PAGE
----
Court upholds woman’s $1.8M award in NJ Transit bus attack

Headline Legal News

In a closely divided ruling, New Jersey’s Supreme Court on Wednesday upheld a $1.8 million jury award for a woman who was struck on the head with a bottle while riding a New Jersey Transit bus.

The 4-3 decision affirmed that NJ Transit, a public carrier, has the same heightened duty of care to protect customers as would a private carrier. NJ Transit had argued it wasn’t liable under the higher standard.

Anasia Maison needed 22 stitches in her forehead after the 2013 attack in Newark, which occurred after a group of young men began harassing her.

A new jury will determine whether any of the damages should be shared by the bottle-thrower, who was never caught. Under new instructions included in Wednesday’s ruling, jurors can consider whether NJ Transit had effective polices in place and whether the driver followed those policies.

The dissenting justices disagreed with the majority’s assessment of the level of care required of New Jersey Transit, and with the scope of the new jury instruction that “presses the jury to allocate most ? if not all ? of the fault in this case to NJ Transit,” according to Justice Anne Patterson.

According to court documents, the driver didn’t stop the bus or ask the men harassing Maison to get off after she switched seats. After Maison was hit with a liquor bottle, he contacted NJ Transit’s control center, which notified police and emergency medical services.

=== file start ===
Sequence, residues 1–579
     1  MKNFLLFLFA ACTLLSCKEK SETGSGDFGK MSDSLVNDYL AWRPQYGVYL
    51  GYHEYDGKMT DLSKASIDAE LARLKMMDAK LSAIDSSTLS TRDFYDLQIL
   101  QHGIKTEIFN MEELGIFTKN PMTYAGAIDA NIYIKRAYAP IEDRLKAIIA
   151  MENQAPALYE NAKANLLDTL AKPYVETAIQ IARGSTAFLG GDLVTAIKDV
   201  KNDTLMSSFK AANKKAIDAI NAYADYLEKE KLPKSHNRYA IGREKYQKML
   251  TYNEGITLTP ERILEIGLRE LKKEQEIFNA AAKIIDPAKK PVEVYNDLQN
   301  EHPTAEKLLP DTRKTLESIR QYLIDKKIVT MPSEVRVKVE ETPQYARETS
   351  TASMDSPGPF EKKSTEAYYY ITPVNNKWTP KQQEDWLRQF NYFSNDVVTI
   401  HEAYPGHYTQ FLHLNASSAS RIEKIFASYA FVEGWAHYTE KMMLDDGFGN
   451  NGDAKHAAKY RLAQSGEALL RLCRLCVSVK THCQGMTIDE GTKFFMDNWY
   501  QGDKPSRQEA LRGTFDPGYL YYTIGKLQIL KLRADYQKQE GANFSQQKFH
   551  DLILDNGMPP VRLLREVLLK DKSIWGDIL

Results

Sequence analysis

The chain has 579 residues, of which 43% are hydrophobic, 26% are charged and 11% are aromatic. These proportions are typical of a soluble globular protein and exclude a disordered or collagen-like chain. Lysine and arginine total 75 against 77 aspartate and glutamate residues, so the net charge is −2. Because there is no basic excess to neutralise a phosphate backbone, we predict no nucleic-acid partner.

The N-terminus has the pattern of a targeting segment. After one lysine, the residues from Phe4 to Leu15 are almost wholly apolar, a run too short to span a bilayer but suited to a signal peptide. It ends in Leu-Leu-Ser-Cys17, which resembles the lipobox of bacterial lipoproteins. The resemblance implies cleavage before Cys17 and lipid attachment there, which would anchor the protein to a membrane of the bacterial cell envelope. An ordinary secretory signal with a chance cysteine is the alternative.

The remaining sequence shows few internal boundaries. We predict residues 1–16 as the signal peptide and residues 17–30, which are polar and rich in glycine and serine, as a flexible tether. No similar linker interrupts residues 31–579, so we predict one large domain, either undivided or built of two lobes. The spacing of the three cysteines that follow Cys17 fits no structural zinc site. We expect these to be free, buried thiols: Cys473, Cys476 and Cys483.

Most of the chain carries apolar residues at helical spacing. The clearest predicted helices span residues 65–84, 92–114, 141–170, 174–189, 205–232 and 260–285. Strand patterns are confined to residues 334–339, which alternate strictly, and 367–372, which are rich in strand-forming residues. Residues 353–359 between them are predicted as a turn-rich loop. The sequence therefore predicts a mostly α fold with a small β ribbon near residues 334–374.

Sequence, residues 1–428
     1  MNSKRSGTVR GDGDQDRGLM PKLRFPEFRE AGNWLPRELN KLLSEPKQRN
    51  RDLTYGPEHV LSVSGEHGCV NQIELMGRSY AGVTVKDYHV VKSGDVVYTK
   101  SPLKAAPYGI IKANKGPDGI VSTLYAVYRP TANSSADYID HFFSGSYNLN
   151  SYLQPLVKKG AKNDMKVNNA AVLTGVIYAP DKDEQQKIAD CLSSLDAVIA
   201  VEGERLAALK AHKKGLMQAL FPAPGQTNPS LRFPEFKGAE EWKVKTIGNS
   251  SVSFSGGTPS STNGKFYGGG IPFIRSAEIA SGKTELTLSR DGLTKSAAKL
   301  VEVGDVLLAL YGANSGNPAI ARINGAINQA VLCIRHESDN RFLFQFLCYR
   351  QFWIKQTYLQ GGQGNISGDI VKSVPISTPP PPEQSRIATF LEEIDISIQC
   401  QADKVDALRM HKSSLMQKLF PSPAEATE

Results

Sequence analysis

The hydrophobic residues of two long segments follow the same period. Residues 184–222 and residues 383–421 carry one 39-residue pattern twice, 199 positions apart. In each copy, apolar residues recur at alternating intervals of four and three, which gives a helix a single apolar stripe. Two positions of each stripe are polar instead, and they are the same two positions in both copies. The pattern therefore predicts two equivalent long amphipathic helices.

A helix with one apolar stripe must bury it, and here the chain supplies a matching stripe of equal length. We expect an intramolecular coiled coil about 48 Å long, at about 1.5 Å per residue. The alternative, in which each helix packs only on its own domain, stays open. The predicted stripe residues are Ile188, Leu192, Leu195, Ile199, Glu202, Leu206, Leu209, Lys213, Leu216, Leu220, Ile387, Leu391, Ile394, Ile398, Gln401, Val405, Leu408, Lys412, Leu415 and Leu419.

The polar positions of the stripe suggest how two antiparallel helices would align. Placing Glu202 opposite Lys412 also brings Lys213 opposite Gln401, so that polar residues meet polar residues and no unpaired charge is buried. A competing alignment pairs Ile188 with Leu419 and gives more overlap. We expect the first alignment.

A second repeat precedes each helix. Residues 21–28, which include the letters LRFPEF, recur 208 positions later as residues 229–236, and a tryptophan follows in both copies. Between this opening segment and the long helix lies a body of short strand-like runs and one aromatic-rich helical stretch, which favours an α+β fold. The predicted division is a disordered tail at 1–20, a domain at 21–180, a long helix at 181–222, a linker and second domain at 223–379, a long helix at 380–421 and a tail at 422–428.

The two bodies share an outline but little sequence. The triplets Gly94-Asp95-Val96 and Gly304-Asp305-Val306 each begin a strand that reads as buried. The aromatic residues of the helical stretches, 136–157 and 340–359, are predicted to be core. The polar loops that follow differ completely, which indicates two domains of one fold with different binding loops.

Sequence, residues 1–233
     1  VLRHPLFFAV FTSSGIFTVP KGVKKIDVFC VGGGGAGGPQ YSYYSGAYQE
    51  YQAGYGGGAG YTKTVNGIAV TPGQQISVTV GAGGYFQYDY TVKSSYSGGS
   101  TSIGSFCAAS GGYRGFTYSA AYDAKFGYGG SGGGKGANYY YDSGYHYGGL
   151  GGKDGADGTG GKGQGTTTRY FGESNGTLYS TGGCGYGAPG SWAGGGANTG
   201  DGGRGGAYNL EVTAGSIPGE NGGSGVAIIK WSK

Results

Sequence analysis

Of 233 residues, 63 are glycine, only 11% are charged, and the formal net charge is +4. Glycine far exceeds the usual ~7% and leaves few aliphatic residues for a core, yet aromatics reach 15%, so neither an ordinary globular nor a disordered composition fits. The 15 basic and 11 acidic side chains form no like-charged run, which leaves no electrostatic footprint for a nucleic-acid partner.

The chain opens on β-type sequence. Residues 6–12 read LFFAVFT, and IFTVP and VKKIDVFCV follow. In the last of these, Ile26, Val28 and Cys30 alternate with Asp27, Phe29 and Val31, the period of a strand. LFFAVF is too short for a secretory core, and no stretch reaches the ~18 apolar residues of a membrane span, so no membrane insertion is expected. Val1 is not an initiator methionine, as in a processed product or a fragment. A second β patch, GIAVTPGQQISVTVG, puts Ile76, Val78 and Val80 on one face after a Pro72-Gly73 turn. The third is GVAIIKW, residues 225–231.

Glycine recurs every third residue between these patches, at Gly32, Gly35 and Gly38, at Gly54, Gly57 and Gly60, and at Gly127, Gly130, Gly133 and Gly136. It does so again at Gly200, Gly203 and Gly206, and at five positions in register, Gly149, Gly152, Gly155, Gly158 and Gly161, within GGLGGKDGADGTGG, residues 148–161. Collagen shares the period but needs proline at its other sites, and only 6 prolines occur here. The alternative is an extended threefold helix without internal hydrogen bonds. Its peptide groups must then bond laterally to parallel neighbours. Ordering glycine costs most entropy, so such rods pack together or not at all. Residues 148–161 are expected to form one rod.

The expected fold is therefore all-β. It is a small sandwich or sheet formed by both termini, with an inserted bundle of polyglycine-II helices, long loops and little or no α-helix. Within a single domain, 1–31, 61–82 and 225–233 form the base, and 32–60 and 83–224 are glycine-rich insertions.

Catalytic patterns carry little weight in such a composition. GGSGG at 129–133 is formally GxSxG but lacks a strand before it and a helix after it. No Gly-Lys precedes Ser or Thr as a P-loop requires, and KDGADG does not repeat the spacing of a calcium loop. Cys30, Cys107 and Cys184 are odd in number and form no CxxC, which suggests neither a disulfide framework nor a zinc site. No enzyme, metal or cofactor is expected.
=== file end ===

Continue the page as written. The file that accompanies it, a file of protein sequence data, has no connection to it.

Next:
The ruling “is a significant victory for those of us who work to assure public safety,” Maison’s attorney, K. Raja Bhattacharya, said in an email. “We hope that NJ Transit will follow the direction of the court and re-examine its policies and procedures concerning passenger safety.”

New Jersey Transit declined to comment Wednesday, citing the pending litigation.

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Grounds for Divorce in Ohio - Sylkatis Law, LLC

A divorce in Ohio is filed when there is typically “fault” by one of the parties and party not at “fault” seeks to end the marriage. A court in Ohio may grant a divorce for the following reasons:
• Willful absence of the adverse party for one year
• Adultery
• Extreme cruelty
• Fraudulent contract
• Any gross neglect of duty
• Habitual drunkenness
• Imprisonment in a correctional institution at the time of filing the complaint
• Procurement of a divorce outside this state by the other party

Additionally, there are two “no-fault” basis for which a court may grant a divorce:
• When the parties have, without interruption for one year, lived separate and apart without cohabitation
• Incompatibility, unless denied by either party

However, whether or not the the court grants the divorce for “fault” or not, in Ohio the party not at “fault” will not get a bigger slice of the marital property.

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